Presentation

The First World War was an unprecedented event of destruction, transformation, and renewal that left no aspect of European culture unchanged. Philosophy proved no exception: the war motivated an historically singular mobilization of philosophers to write about the war during the years of conflict; significant works of philosophy were written during the war years and immediately thereafter; the postwar decades of the 1920s and 1930s witnessed a systematic reconfiguration of the landscape of philosophical thought that still largely defines contemporary philosophy. Surprisingly, while the impact of the war on literature, poetry, and the arts, political thought has been a subject of intense inquiry and interpretation, the significance of the war for modern philosophy remains relatively unexamined, often misunderstood or simply taken for granted.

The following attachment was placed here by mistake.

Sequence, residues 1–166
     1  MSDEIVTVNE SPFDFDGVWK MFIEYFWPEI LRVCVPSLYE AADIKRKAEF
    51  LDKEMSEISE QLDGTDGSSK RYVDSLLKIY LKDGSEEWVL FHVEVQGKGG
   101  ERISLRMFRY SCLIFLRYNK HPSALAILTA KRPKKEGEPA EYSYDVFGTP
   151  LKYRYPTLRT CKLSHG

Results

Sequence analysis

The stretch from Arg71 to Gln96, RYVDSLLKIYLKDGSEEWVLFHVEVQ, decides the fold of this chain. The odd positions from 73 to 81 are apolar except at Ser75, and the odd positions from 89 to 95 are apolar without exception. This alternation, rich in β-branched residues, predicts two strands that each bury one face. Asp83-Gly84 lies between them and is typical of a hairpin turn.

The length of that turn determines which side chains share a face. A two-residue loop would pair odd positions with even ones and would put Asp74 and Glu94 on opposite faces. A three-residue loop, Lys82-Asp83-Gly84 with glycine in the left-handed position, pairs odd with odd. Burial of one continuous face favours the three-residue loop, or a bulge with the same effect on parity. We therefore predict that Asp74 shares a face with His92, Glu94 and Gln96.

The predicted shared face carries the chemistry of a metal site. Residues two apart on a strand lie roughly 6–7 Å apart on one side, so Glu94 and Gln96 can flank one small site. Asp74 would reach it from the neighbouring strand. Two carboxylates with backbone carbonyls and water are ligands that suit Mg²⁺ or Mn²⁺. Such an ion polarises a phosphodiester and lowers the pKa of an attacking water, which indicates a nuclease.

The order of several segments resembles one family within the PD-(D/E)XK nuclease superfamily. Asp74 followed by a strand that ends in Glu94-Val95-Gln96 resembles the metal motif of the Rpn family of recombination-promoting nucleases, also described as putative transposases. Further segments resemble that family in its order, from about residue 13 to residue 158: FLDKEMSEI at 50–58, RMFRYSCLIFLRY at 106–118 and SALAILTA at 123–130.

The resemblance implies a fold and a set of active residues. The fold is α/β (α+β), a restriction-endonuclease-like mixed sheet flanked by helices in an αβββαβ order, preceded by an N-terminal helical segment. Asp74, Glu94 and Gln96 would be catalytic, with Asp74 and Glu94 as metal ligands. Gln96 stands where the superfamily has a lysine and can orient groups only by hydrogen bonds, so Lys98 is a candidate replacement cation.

In order to provide a basis for deeper reflections on the impact and legacy of the First World War for philosophy, this website offers a number of carefully curated archival, bibliographical and audio-visual resources. It was set up as part of the ERC-funded project “GRAPH”, carried out at KU Leuven and directed by Prof. Nicolas de Warren.

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The First World War witnessed an unprecedented mobilization of philosophers and their families: as soldiers at the front; as public figures on the home front; as nurses in field hospitals; as mothers and wives; as sons and fathers. In Germany, the war irrupted in the midst of the rapid growth of Edmund Husserl’s phenomenological movement – widely considered one of the most significant philosophical movements in twentieth century thought. Philosophers at the Front offers a documentary history of phenomenology in the First World War. Through an exceptional collection of primary source materials (letters, postcards, original writings, photographs) from the Husserl Archives in Leuven, the Bayerische Staatsbibliothek, and the Archives of the University of Göttingen, the complex narratives of how the war affected the lives and thought of central figures in the phenomenological movement are charted. Key figures such as Edmund Husserl, his sons Wolfgang and Gerhart, Max Scheler, Edith Stein, Adolf Reinach, Martin Heidegger, and others are included in this collection of materials.